The Chinese Bridge across the Croome River
Croome Court is a mid-18th century neo-Palladian house set in landscaped parkland in south Worcestershire. It’s a long walk from the parking lot to the house, past the congestion of tearoom & shop, once part of a WWII RAF hospital complex, through the woods to the Gothic revival church at the crest of a hill where the house comes into view, still some distance away.
About 20 miles north of England’s Cotswold district, Croome Court is a mixed bag, no matter how you look at it. The house is owned by a private trust, but leased to the National Trust which manages it, except the church, managed by the Churches Conservation Trust. The National Trust owns the park surrounding it, except the walled garden which is privately owned and open to those wish to visit it, for a price. And all that aside, I found the place puzzling.
Like most of us, I prefer to visit attractions on days when I’m likely to find fewer visitors, the better to experience many things, especially houses. But I went to Croome on a Sunday, the day it best fit into the schedule. And if I’d done my homework more thoroughly, I’d have realized the extent to which the house was “under construction”, some parts seemingly finished, others not, and all largely devoid of furniture and collections that would complete a grand house. I think the weekend crowd added to my sense of confusion, not helped by dull skies and a misty rain.
National Trust properties undergoing inevitable restorations often remain open to visitors, the better to educate us on the complexities of the work. But in the case of Croome, I found it fairly disconcerting and, unable to make sense of the whole, not as interesting as the Trust no doubt intended.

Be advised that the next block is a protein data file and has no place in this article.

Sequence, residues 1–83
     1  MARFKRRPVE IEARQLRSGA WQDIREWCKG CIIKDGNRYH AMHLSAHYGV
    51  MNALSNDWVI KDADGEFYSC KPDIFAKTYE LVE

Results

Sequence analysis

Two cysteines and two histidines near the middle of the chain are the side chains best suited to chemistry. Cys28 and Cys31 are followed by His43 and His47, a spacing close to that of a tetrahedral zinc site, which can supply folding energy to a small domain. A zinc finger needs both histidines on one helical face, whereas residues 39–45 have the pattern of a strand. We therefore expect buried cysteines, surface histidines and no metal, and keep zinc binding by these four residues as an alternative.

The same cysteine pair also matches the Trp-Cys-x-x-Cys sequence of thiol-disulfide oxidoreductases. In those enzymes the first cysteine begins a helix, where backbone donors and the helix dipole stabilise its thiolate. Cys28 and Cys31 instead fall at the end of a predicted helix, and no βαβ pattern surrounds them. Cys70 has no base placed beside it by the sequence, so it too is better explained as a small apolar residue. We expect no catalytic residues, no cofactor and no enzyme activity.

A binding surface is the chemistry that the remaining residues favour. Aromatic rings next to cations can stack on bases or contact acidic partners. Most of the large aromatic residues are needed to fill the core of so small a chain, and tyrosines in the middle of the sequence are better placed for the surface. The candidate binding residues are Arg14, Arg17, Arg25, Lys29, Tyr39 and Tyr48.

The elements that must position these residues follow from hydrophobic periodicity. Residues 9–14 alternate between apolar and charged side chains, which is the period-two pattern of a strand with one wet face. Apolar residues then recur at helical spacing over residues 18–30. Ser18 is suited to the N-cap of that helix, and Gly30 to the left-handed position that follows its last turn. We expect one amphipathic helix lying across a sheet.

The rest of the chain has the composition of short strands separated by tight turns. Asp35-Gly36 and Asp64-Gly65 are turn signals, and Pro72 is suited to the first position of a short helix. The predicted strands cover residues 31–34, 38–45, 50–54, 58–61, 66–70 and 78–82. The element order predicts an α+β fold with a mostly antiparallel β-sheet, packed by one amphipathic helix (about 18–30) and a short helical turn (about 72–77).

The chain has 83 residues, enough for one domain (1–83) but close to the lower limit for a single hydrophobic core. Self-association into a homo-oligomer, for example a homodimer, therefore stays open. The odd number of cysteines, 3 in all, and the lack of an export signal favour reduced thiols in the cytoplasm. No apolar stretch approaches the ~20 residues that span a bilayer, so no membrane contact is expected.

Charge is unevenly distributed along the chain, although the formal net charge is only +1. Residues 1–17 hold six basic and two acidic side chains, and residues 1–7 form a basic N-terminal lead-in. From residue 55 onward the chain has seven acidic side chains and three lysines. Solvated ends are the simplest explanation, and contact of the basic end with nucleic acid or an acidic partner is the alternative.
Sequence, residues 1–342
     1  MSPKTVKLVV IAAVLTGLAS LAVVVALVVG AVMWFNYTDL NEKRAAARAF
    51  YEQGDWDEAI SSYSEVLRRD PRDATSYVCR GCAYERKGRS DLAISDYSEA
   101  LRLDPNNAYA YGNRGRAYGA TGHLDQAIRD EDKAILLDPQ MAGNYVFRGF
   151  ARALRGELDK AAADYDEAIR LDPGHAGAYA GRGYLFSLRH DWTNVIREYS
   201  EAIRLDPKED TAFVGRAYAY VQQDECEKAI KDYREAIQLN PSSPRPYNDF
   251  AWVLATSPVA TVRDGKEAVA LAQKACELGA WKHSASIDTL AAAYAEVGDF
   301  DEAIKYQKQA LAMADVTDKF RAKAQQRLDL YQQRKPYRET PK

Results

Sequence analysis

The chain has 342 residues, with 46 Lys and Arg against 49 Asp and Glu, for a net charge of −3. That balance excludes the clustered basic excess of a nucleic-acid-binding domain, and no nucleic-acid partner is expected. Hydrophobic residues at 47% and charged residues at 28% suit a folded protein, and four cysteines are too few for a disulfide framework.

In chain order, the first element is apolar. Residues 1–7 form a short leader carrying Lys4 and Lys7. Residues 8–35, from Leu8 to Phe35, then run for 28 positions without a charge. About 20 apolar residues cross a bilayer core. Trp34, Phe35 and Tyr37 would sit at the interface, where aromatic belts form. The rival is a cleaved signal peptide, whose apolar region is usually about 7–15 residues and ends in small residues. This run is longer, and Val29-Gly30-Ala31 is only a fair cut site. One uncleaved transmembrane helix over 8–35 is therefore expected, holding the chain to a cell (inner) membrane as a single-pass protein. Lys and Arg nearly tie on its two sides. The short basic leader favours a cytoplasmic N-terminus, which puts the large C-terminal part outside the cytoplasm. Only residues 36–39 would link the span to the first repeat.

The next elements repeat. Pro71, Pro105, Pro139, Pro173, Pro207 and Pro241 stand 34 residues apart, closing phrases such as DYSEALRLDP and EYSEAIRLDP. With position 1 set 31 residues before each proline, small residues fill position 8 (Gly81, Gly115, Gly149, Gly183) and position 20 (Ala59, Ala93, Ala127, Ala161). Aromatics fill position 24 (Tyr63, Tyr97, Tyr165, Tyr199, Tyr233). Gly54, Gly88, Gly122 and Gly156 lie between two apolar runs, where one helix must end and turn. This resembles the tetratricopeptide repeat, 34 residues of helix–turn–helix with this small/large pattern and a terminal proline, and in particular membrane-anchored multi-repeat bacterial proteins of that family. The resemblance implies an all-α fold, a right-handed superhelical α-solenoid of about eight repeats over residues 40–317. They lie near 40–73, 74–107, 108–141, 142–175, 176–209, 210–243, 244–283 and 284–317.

The Trust’s website for Croome tells me that the collections I so sorely missed seeing are being returned to the house. The approach for future display, the site tells us, will be “Innovative, imaginative and creative…the artistic approach…”. But if the flashy & confusing walk-through “Golden Box” currently displaying a small collection of porcelain is an indication, I can’t help but wonder why objects shown simply in an historic setting isn’t enough. Read more here.
The Ice House on the way to the Walled Garden
The Walled Garden
I walked through the woods, following the signs to the walled garden, adjacent to Croome Court and once part of the estate. On the day I was there a table was set up, staffed by a young woman and an older one, apparently to make sure visitors were separated from their £5 before glimpsing what they’d get for their money. A door through the brick wall was tantalizingly close and I asked if I could have a look before deciding if I’d go in. The older woman barked an emphatic “no” while the younger looked sympathetic but outranked. So I paid and on stepping through into the vastness of the interior space, knew why the no. If I’d looked I’d have passed on the opportunity. However, after resigning myself to the emptiness of the huge enclosure, I committed to finding £5 worth of value inside.
The "Hot Wall"
The use of walls to create microclimates and extend the growing season for kitchen gardens isn’t unusual in England but the 17th century walled garden at Croome is thought to be the largest in Europe, and a part of it turned out to be the biggest surprise of the day. One of Capability Brown’s early projects, in 1752 glasshouses were added to grow exotic fruits. A tax on glass ultimately made its use expensive, so in 1803 the extreme solution was to build a 13 foot high, 100 meter long hollow “hot wall”, heated by 5 furnaces, which would have needed constant tending in winter. But I had to imagine it as the furnaces adjacent to the wall are now covered and invisible, another disappointment that might be remedied in the interest of making an intellectual exercise into a unique experience.
I’m afraid I must report, if you’re in any doubt, that in Croome Court I found, for maybe the first time, a house I couldn’t love. House and walled garden I found wanting and, while there’s certainly potential, on the day I visited I’m sad to say it eluded me.
Except the Chinese Bridge. I love the Chinese Bridge.
Next week, back to London.
Find all episodes of ‘PortMoresby in England’ here.